Choices of Marketing Outlets by Organic Producers: Accounting for Selectivity Effects
AbstractOrganic farmers have traditionally relied on a variety of marketing channels, suggesting that earned organic income will depend on the farmer's experience in producing and selling organic products and their comparative advantage in bargaining and marketing skills. A discrete choice model of the choice of marketing channels is developed which accounts for the role of selectivity bias. Farmers who are most likely to sell through a diversified set of outlets or to use a single outlet have increased earnings relative to farmers who overlook these marketing options. Producers with less experience gravitate toward use of a single marketing outlet while more experienced producers tend to diversify and market through all three channels. Constraints in selling organic products tends tend to have a negative effect on farm income.
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Bibliographic InfoArticle provided by De Gruyter in its journal Journal of Agricultural & Food Industrial Organization.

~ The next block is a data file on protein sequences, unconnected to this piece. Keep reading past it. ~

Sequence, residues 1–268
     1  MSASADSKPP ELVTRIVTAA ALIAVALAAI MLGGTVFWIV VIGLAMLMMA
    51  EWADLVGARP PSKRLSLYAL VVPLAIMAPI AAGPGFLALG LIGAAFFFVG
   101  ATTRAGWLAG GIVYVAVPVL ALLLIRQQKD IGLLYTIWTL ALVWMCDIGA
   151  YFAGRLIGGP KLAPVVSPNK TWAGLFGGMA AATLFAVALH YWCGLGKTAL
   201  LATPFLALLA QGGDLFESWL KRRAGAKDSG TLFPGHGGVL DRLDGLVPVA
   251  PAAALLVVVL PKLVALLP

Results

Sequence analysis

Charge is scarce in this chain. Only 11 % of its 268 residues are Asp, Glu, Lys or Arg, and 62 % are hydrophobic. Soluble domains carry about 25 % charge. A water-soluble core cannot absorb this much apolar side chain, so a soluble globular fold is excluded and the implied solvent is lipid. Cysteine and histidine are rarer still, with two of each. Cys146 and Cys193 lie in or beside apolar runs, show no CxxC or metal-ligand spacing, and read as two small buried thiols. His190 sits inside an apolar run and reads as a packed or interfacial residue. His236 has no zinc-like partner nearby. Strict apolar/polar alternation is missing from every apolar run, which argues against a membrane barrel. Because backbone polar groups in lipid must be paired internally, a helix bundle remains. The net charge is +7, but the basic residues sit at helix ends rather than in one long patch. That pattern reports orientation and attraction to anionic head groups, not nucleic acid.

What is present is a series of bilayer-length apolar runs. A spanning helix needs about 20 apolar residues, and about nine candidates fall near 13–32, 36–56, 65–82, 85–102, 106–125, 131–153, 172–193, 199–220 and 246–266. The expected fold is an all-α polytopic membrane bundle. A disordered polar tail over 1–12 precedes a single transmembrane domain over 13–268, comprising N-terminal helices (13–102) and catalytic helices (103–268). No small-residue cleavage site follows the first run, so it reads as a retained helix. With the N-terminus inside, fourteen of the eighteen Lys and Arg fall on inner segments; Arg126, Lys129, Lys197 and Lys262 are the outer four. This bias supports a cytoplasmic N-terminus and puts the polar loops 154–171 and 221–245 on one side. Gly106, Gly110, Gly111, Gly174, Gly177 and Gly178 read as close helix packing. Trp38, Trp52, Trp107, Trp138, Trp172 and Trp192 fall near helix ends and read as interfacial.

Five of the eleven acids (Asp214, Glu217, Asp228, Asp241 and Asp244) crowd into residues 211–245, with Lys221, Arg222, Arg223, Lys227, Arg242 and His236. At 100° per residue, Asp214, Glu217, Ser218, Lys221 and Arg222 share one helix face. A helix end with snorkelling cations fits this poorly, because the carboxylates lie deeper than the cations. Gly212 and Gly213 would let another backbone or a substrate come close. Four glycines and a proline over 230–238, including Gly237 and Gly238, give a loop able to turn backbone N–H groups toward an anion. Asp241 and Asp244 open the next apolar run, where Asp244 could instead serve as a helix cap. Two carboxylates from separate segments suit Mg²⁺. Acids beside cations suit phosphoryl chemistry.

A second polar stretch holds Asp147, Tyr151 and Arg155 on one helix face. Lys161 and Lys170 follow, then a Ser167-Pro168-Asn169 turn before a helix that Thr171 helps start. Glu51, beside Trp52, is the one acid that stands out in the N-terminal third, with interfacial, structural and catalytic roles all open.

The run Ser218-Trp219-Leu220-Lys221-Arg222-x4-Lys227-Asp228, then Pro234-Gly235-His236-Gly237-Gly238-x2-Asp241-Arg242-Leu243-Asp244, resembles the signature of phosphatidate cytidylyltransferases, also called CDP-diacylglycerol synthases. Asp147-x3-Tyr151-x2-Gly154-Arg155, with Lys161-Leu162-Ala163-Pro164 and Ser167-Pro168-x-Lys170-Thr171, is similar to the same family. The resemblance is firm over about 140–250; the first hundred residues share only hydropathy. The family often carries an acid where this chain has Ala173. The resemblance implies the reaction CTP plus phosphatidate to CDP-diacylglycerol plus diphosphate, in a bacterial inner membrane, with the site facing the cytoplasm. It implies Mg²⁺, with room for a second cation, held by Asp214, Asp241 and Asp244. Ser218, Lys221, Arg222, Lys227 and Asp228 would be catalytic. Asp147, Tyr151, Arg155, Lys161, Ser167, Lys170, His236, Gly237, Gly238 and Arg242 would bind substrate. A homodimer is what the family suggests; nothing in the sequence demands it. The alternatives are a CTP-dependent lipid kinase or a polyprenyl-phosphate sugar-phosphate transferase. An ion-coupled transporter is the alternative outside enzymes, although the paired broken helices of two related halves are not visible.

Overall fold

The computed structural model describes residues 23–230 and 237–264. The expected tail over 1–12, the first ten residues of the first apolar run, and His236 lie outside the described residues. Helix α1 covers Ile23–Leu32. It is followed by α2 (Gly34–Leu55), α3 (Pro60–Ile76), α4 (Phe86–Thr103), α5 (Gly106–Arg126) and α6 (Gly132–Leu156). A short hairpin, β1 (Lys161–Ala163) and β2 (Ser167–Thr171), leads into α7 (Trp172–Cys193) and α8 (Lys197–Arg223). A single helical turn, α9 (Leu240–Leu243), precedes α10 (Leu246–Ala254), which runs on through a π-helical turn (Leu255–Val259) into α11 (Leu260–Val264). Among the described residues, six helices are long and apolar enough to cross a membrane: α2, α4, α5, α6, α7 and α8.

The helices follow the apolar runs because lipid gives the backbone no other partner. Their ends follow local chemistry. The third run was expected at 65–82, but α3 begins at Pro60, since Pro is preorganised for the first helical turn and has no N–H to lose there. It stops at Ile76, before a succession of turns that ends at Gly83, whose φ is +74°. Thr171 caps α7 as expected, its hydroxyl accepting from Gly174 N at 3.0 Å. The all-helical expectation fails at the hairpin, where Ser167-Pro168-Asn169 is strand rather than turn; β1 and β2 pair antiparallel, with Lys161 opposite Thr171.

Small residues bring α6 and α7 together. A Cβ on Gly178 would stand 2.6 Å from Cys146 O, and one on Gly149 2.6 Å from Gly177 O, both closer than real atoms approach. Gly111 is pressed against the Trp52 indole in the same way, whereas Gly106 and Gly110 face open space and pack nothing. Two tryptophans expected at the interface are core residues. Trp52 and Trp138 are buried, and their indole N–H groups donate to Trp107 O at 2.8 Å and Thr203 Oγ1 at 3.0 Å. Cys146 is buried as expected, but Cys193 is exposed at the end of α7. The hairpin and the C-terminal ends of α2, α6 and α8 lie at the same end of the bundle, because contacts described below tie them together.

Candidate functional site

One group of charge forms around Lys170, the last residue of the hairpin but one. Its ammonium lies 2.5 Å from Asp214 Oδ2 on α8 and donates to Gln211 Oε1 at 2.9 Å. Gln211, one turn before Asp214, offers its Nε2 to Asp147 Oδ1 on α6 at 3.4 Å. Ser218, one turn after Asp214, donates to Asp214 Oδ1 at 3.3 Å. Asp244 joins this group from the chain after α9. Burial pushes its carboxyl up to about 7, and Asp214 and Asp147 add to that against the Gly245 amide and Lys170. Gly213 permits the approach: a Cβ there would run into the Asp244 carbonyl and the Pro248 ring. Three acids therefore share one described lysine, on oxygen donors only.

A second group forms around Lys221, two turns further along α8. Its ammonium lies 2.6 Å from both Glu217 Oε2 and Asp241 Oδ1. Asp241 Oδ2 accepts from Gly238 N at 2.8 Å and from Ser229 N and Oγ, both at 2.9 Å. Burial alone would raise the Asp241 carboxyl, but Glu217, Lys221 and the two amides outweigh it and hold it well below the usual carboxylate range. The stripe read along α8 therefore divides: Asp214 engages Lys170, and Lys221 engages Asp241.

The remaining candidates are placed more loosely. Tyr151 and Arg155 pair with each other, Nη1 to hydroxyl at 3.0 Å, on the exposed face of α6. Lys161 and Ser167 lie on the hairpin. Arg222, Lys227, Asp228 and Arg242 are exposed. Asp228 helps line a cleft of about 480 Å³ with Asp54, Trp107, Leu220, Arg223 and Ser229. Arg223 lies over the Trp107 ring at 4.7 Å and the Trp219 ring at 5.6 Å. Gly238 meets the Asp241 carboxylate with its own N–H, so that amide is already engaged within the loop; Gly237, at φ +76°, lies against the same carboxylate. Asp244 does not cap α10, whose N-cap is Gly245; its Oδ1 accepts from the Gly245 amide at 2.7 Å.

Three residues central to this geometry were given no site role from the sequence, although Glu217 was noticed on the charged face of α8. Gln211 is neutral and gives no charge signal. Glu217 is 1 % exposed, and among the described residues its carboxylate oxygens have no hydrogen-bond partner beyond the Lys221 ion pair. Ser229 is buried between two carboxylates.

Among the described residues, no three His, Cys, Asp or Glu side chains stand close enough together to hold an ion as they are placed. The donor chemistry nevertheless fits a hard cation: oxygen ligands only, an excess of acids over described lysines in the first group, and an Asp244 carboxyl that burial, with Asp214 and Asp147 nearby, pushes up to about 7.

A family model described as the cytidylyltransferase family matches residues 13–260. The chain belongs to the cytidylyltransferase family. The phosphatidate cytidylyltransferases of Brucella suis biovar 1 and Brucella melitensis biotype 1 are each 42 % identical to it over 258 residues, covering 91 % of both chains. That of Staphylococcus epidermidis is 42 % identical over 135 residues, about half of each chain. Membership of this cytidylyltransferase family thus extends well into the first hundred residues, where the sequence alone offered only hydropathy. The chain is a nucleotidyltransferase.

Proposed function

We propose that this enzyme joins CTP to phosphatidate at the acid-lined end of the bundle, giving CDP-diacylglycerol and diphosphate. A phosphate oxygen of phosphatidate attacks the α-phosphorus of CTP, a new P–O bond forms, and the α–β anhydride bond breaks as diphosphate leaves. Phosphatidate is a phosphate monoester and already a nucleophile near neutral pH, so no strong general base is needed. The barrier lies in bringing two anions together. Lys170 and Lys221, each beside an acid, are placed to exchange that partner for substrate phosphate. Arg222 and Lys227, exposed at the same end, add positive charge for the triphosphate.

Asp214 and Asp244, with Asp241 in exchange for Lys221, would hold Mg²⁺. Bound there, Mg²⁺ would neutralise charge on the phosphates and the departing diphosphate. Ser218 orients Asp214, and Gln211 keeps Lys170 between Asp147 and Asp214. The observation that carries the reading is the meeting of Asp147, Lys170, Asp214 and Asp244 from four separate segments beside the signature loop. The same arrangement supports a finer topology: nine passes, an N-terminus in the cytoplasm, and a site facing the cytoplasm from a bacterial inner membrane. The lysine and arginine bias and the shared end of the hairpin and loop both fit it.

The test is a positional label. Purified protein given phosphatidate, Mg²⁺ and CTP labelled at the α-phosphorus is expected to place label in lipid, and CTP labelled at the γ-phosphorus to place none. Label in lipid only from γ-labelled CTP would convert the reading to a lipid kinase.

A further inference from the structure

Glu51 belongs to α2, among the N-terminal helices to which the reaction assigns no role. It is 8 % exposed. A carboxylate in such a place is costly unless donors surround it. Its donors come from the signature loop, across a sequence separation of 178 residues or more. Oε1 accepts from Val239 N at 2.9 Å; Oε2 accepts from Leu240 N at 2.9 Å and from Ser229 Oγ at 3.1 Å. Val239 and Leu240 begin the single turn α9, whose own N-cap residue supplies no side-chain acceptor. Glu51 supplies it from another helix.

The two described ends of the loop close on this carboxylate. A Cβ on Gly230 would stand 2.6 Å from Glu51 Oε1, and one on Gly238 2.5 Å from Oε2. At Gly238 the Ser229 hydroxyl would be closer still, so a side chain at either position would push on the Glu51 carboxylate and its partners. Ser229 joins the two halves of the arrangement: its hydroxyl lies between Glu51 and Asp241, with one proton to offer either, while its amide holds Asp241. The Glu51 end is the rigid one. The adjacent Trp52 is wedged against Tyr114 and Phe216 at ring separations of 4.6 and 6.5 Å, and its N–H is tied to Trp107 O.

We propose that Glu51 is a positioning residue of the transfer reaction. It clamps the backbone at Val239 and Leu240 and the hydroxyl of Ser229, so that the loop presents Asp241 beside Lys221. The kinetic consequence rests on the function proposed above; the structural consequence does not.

Volume (Year): 4 (2006)
Issue (Month): 1 (July)
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Web page: http://www.degruyter.com
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- Torres, Ariana P. & Marshall, Maria I. & Alexander, Corinne E., 2013. "Does Proximity Determine Organic Certification Among Farmers Using Organic Practices?," 2013 Annual Meeting, August 4-6, 2013, Washington, D.C. 150607, Agricultural and Applied Economics Association.
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